Table 2 Spearman Correlations The table shows the time-series means of Spearman rank correlations computed each year 1983-1999. PIN is the probability of information-based trading in stock i of year t. SIZE is the market value of equity in firm i at the end of year t in millions, STDEV is the annualized standard deviation of daily returns for firm i in year t. AGE represents the number of years since the stock i was first covered by CRSP. TURNOVER represents the average monthly turnover for firm i in year t. GROWTH is the percentage increase in sales, ROA is the return on assets, TOBIN is the Tobin’s Q, ACCRUALS is the absolute value of the abnormal accruals based on the Jones (1991) model. PERINST represents the institutional ownership as a percentage of shares outstanding, PERINSIDER represents the percentage of shares held by company insiders, and ANALYST is the number of analysts following stock i in year t.

SIZE PIN SIZE GROWTH AGE ANALYST TURNOVER PERINSIDER PERINST ACCRUALS ROA STDEV

-0.642

GROWTH -0.020 0.107

AGE -0.266 0.331 -0.149

ANALYST -0.620 0.874 0.082 0.284

TURNOVER -0.300 0.333 0.124 0.045 0.425

PERINSIDER 0.119 -0.120 0.141 -0.114 -0.116 -0.020

PERINST ACCRUALS -0.408 0.649 0.112 0.244 0.658 0.485 -0.032

0.192 -0.276 0.065 -0.199 -0.248 0.044 0.076 -0.151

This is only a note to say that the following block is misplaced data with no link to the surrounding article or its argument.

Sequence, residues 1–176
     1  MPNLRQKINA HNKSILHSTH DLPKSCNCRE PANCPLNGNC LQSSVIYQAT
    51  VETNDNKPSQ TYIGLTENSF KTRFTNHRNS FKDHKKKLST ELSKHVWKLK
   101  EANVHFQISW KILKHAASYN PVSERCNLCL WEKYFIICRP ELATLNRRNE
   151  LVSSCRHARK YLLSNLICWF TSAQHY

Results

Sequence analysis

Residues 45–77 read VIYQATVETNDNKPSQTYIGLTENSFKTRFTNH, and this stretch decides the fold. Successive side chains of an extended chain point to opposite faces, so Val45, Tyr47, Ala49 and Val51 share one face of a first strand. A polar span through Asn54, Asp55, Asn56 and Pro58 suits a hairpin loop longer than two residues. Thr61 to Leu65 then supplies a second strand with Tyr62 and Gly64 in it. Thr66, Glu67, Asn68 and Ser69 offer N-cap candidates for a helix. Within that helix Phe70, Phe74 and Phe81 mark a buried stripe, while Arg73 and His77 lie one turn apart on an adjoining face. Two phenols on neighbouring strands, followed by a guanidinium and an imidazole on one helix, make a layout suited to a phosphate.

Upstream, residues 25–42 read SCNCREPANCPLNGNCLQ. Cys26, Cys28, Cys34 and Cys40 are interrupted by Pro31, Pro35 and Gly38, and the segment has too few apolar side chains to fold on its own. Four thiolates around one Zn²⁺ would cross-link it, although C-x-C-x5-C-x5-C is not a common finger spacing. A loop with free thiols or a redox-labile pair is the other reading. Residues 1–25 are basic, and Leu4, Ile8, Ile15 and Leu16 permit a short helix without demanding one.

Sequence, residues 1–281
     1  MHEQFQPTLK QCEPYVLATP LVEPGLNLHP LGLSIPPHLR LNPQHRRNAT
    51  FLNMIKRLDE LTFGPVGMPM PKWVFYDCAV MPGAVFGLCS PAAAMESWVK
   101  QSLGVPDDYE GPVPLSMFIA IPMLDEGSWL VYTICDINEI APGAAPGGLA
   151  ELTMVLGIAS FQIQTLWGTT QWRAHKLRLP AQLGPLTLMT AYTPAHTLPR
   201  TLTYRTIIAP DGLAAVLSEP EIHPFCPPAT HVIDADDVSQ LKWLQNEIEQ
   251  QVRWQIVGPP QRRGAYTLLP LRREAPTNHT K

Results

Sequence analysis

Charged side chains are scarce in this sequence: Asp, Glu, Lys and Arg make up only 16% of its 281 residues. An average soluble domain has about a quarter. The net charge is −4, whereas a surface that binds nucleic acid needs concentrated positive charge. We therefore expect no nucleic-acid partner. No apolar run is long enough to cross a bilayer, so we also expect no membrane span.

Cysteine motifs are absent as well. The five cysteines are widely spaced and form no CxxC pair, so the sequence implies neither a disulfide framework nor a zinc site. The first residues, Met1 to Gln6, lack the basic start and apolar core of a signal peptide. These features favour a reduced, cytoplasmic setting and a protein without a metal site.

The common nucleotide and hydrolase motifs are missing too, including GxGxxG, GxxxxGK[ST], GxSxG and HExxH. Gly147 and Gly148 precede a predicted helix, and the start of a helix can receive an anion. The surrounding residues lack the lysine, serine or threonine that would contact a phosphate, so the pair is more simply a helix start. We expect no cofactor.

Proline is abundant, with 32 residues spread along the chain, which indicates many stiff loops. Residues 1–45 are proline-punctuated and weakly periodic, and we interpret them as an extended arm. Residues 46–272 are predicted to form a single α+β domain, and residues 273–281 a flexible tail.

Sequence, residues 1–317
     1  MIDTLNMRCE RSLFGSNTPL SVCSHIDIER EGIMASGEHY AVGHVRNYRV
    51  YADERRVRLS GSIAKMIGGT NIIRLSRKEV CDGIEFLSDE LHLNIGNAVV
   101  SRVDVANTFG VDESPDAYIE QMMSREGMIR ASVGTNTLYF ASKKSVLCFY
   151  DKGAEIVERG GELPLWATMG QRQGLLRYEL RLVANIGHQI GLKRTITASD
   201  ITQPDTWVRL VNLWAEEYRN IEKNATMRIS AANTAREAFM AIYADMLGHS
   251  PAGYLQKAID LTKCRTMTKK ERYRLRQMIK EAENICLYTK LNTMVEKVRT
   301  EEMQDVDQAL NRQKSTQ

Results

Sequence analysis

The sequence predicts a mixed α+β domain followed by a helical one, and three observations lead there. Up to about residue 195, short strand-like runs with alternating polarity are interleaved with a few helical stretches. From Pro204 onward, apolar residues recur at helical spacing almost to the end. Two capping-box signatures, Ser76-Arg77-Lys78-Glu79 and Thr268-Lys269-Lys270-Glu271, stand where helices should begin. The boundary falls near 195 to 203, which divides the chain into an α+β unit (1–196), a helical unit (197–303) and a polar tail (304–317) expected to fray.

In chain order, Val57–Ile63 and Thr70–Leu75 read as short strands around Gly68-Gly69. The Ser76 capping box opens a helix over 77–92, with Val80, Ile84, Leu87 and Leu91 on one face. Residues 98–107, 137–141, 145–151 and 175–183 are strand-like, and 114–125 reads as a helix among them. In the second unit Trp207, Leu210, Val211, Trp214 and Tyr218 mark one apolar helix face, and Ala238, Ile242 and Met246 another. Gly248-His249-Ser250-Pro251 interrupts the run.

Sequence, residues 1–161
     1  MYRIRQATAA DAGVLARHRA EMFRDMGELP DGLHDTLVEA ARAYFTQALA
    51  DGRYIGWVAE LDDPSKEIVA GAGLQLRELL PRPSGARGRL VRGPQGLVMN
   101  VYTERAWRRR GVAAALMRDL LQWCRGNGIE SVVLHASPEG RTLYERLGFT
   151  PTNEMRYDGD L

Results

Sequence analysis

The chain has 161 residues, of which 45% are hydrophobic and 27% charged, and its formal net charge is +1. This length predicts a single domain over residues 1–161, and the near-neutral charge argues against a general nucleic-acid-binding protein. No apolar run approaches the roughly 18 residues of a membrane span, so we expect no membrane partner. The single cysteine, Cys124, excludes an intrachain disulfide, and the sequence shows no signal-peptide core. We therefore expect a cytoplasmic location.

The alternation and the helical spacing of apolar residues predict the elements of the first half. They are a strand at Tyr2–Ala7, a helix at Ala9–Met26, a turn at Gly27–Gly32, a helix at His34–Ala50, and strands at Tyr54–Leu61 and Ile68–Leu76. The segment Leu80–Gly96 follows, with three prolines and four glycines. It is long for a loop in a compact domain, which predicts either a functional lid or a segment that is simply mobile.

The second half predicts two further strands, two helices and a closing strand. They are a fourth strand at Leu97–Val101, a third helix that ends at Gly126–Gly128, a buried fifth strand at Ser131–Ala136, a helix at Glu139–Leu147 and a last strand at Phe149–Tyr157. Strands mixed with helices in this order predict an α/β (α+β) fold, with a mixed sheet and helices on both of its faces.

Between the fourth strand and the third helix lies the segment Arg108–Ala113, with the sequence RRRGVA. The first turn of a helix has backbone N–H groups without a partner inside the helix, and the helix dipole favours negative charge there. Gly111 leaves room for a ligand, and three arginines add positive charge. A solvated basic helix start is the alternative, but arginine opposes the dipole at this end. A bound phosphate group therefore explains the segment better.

ROA -0.179 0.331 0.286 0.072 0.262 0.101 0.092 0.294 -0.119

STDEV 0.306 -0.464 0.006 -0.317 -0.374 0.222 0.079 -0.282 0.303 -0.234

TOBIN -0.127 0.214 0.160 -0.076 0.137 0.146 0.117 0.098 0.107 0.414 0.099

Table 3 Cross-Sectional Regressions The dependent variable is the probability of information-based trading, PIN, in stock i of year t from 1983 through 1999. LSIZE is the logarithm of market value of equity in firm i at the end of year t, STDEV is the annualized standard deviation of daily returns for firm i in year t. LAGE represents the logarithm of 1+the number of years since the stock i was first covered by CRSP. LTURNOVER represents the logarithm of share turnover for firm i in year t. GROWTH is the percentage increase in sales, ROA is the return on assets, TOBIN is the Tobin’s Q, ACCRUALS is the absolute value of the abnormal accruals based on the Jones (1991) model. PERINST represents the institutional ownership as a percentage of shares outstanding, PERINSIDER represents the percentage of shares held by company insiders, and LANALYST is the logarithm of 1+number of analysts following stock i in year t. Industry indicator variables are formed annually based on the Fama-French 17-industry classification. All continuous independent variables are normalized by their yearly cross-sectional means and standard deviations. Fama-MacBeth Estimates Parameter Estimates

t-value

Pooled Reg. Estimates Parameter Estimates

t-value

INTERCEPT LSIZE GROWTH LAGE LANALYST LTURNOVER PERINSIDER PERINST ACCRUALS ROA STDEV TOBIN Industry Food Mining and Minerals Oil and Petroleum Products Textiles, Apparel & Footwear Consumer Durables Chemicals Drugs, Soap, Perfumes, Tobacco Construction and Constr. Materials Steel Works Etc Fabricated Products Machinery and Business Equipment Automobiles Transportation Utilities Retail Stores Banks, Insurance Companies, and Other Financials